The exemplary embodiments of the present invention allow a group protocol to execute on the different nodes of a group while supporting different processing on subgroups of nodes within the group. These embodiments assign at least one node within the computing system group to a subgroup. A protocol, which is a set of work that is distributed to each member of the group and which specifies processing that all members of the group is to execute, is submitted to the group and communicated via the group communications mechanism. The nodes of the computing system groups in the exemplary embodiments can be assigned to different subgroups and the processing for each node is dependent upon the subgroup membership of that node. A group protocol generally involves sending the same sequence of instructions to all nodes. The exemplary embodiments of the present invention include nodes that are configured to execute different processing for these instructions based upon the subgroup to which the particular node is assigned.
An exemplary protocol 300 as is used by an exemplary embodiment of the present invention is illustrated in FIG. 3. This exemplary protocol is executed by a computing system group 100 that is divided into two subgroups, a subgroup 1 and a subgroup 2. Some nodes of the computing system group are assigned to subgroup 1 and other nodes are assigned to subgroup 2. The subgroup division is based upon the processing that each node is required to perform for the protocol, e.g., according to the site location in the exemplary embodiment. The protocol 300 begins with a group protocol portion A 302. Group protocol portion A is performed as a conventional group protocol by each node within the computing system group 100. After group protocol portion A 302 is completed, each of the nodes of the exemplary computing system group 100 execute one of either subgroup Protocol A1 304 or subgroup Protocol A2 306 depending upon the subgroup to which that node is assigned. The subgroup protocols in the exemplary embodiment are performed by executing processing within each node that corresponds to the particular subgroup to which the node is assigned. The subgroup synchronization mechanism of the exemplary embodiments of the present invention, as is described below, advantageously ensures that the processing for subgroup Protocol A1 304 and subgroup Protocol A2 306 terminate at the same time.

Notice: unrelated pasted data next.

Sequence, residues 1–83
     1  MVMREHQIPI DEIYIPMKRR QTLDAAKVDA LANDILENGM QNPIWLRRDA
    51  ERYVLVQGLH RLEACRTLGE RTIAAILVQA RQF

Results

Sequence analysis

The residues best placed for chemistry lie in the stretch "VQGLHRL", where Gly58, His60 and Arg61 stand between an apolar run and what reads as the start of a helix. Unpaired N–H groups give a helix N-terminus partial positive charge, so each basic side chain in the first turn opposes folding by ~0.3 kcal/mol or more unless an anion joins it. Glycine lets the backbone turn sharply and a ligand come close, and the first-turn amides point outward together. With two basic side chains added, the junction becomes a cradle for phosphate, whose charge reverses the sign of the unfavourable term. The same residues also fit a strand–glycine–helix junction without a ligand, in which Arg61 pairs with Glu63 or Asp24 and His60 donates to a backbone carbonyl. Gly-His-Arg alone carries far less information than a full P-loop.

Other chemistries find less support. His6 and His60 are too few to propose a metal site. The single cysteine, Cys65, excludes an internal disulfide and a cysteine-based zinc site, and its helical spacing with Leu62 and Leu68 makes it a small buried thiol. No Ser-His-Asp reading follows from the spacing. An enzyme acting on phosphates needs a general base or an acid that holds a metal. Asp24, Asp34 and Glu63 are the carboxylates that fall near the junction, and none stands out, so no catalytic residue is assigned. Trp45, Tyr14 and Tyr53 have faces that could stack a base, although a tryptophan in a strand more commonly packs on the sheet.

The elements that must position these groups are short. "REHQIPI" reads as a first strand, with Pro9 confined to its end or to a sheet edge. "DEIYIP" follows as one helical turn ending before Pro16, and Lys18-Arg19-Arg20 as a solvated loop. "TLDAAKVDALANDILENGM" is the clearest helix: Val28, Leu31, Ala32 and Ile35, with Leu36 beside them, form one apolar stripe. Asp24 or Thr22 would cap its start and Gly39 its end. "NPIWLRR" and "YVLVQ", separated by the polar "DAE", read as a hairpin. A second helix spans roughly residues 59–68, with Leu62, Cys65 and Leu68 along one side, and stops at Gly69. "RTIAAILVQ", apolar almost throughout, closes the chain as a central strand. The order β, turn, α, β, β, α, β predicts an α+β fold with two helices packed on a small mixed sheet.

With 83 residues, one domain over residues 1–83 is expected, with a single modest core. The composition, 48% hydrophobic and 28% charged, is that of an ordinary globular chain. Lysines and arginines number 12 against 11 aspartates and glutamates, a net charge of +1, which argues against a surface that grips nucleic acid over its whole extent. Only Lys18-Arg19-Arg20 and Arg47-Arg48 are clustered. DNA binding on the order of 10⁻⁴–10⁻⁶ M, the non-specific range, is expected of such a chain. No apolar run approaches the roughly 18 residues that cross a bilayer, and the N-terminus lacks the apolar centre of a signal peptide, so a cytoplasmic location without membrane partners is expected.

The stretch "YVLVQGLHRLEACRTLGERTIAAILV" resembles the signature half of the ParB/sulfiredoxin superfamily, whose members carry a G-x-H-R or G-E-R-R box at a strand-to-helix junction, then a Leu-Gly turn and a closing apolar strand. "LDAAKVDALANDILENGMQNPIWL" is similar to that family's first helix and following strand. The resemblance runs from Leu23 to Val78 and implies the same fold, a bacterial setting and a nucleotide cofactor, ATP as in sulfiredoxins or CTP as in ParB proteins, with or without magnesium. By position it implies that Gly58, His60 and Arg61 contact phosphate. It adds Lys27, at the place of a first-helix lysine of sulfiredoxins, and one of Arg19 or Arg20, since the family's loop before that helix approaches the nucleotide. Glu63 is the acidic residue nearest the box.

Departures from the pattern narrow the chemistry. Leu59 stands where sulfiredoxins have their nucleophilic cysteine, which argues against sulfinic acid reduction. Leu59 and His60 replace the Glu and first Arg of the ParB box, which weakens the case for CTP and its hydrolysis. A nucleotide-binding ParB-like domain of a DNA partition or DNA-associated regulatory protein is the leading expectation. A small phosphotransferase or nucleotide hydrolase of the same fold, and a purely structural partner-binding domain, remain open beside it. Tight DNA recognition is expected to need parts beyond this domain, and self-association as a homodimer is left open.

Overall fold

After execution of subgroup Protocol A1 304 and subgroup Protocol A2 306, the group in this example continues executing the group protocol by executing group protocol portion B 308. Group protocol portion B 308 is executed by all nodes in the computing system group 100 in a conventional manner. This is facilitated by the mechanism of the exemplary embodiments that ensure that the preceding subgroup protocols terminate at the same time. After executing group protocol portion B, the nodes of the computing system group 100 continue the processing of this example group protocol 300 by executing one of either subgroup Protocol B1 310 or subgroup Protocol B2 312. The one or more nodes assigned to subgroup 1 execute subgroup Protocol B1 310 and the one or more nodes of the computing system group that are assigned to subgroup 2 execute subgroup Protocol B2 312 in this example. The subgroup synchronization mechanism of the exemplary embodiments of the present invention, as is described below, ensures that the processing for subgroup Protocol B1 310 and subgroup Protocol B2 312 terminates at the same time.
After subgroup Protocol B1 310 and subgroup Protocol B2 312 finish, the nodes of the computing system group then continue to execute group protocol portion C 314. All nodes of the group execute this portion in a conventional manner. The processing for this protocol then terminates.